Ford Classic Cars
Every car lover has a list of their favorite classic cars that they either own or would like to own. Chrysler Corporation, GM and Ford each made many classic cars that are sought after by collectors more today than ever before.
Ford built some of the coolest classic cars of the day especially with the first and second generation Thunderbirds and the always classic Ford Mustang, especially the 2+2 model. Those early T-Birds with those great portholes were instant classics. And the Mustang, which took the car world by storm in late 1964, is still a hot item with collectors.
For me personally, I was always more partial to the classic Dodges and Plymouths of the day, but even I have to give a nod to these classic Fords.
Please see below for some thoughts and photos on these great cars!
First Generation Ford Thunderbird
The Thunderbird, also called "T-Bird", was built by the Ford Motor Company through different generations from 1955 through 2005. The first generation from 1955 to 1957 turned out some of the most classic of all automobiles.
The idea for the Ford Thunderbird began in 1953 when Ford wanted a car that could respond to Chevrolet's new sports car, the Corvette, which was publicly unveiled in prototype form earlier that same year.
The Thunderbird was to be developed very quickly, going from idea to prototype in about a year. It was unveiled to the public at the Detroit Auto Show in February 1954.
Both the Thunderbird and Corvette were two-seat coupe/convertible layouts. Production of the Thunderbird began later on in 1954 with the first T-bird's coming out in late 1954 for the 1955 model year.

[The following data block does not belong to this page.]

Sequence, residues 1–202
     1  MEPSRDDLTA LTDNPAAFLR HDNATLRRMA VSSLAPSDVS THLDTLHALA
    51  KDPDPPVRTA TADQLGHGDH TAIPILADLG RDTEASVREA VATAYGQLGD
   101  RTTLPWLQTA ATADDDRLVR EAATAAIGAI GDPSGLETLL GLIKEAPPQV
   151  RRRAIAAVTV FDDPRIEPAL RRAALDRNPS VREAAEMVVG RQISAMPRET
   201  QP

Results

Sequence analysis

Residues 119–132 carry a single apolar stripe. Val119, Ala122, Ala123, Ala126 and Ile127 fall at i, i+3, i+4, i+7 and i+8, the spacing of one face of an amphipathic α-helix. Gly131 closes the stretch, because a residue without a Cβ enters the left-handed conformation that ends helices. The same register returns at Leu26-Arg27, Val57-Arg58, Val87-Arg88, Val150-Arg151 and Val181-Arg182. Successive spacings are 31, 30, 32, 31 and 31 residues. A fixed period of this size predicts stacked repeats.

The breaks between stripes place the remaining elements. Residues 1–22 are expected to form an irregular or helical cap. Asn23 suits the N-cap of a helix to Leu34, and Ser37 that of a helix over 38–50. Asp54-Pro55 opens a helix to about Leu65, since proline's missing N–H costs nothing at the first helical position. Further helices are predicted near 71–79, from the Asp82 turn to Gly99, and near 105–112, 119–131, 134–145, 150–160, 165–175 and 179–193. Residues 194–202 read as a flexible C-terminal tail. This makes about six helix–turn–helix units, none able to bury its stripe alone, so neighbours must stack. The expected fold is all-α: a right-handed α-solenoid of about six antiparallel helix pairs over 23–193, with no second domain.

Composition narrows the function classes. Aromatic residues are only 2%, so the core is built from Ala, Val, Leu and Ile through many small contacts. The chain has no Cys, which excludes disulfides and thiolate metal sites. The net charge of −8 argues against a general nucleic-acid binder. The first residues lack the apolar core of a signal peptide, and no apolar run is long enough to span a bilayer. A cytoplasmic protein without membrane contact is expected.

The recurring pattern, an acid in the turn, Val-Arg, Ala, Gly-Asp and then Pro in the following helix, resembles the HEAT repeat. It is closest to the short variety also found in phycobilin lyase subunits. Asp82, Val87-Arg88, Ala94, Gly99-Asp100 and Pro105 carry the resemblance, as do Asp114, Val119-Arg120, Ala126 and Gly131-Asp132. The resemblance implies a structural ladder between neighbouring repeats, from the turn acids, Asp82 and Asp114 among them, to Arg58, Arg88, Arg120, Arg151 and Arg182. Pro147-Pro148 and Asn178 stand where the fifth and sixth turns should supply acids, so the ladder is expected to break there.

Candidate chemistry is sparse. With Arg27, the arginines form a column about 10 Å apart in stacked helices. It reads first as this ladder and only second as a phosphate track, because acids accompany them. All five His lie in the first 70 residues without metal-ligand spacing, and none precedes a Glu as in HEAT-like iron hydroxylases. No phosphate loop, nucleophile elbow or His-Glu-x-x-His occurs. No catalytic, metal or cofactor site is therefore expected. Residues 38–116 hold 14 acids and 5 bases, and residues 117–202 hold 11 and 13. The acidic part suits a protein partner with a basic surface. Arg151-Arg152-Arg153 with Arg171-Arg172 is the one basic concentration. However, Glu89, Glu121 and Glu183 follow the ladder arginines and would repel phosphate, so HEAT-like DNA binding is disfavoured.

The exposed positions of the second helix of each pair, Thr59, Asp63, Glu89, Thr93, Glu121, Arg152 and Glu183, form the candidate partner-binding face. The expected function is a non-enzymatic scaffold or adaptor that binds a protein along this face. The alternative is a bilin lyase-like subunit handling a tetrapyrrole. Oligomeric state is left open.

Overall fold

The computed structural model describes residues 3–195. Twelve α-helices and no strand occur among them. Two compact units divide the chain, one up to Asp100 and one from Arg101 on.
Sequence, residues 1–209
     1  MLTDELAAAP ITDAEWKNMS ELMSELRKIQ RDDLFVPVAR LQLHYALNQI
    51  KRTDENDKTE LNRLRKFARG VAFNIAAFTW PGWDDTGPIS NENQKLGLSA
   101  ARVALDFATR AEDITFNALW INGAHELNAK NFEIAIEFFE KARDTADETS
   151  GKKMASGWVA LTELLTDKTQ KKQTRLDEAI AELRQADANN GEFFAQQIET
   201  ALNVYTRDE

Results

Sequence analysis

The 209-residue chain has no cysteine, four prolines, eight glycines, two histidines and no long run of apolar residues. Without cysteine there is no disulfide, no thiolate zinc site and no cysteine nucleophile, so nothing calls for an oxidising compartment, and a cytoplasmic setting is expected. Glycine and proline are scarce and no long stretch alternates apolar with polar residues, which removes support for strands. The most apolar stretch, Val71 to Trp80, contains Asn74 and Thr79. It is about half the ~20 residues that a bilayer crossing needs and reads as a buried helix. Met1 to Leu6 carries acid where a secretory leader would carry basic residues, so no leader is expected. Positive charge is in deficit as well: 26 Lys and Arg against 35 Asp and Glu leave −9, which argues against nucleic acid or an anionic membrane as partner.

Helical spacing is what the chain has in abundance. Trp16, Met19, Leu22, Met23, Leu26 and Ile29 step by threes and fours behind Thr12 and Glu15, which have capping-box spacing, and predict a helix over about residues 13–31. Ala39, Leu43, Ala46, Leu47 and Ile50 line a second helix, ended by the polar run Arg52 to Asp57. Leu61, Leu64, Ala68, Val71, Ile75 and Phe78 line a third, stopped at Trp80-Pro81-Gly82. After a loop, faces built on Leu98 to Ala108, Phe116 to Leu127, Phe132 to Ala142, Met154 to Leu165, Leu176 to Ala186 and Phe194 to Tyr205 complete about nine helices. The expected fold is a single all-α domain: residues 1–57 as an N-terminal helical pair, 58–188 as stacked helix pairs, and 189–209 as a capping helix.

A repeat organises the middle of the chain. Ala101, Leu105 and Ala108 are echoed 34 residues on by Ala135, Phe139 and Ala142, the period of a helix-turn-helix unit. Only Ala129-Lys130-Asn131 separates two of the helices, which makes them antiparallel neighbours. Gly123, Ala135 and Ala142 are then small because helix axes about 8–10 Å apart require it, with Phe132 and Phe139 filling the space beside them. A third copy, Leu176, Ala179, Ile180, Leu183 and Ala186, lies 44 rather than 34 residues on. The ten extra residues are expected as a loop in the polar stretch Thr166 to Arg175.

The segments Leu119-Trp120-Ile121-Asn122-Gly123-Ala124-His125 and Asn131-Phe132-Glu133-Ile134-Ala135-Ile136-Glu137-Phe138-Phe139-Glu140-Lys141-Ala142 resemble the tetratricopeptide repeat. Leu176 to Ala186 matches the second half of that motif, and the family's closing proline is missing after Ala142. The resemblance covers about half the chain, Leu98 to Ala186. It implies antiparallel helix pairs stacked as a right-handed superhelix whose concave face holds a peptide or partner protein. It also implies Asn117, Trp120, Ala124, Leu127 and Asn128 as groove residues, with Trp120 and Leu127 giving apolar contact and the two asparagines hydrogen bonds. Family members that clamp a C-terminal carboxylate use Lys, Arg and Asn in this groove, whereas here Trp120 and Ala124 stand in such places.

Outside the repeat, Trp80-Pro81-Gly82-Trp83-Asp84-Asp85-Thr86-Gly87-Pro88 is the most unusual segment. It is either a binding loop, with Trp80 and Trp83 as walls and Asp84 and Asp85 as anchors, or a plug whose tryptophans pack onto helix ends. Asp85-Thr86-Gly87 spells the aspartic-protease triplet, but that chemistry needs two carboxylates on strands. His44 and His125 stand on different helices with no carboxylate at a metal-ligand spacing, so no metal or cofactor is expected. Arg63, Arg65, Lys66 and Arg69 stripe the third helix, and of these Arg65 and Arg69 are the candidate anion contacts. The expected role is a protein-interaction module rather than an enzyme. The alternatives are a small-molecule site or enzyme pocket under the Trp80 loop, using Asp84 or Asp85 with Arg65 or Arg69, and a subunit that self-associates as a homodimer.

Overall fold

Even though the Ford T-Bird shared some of the characteristics of other Fords of the time, such as single, circular headlamps and tail lamps along with modest tailfins, the Thunderbird still had an overall sleeker design than anything Ford had on the road at that time. The Thunderbird also had a cool hood scoop and a 150 mph speedometer.
Though the T-Bird was competing with the Corvette, Ford marketed the Thunderbird as a personal luxury car, instead of going the sportiness route.
The Ford Thunderbird sold exceptionally well in its first year. In fact, the Thunderbird outsold the Corvette by a wide margin in the 1955 model year.
The T-Bird was considered a big success so few changes were made to the car for 1956. Probably the most notable was moving the spare tire to a continental-style rear bumper in order to make more storage room in the trunk. It was changed back in 1957. Another addition that came along was the the addition of circular porthole windows in the fiberglass roof to improve rearward visibility. Also available was a 312 cu. in. V8.
Ford did revise the Thunderbird for 1957 by reshaping the front bumper, along with changing the grille, tailfins and including larger tail lamps. The 312 cu. in. V8 (now producing 245 horsepower) became the Thunderbird's standard engine. Other, more powerful versions of the 312 V8 were available with Holley carburetors, while others were supercharged.
Second Generation Ford Thunderbird
The second generation of Thunderbirds produced from 1958 through 1960 and are commonly referred to as the "Squarebirds" by T-Bird enthusiasts, due to their design.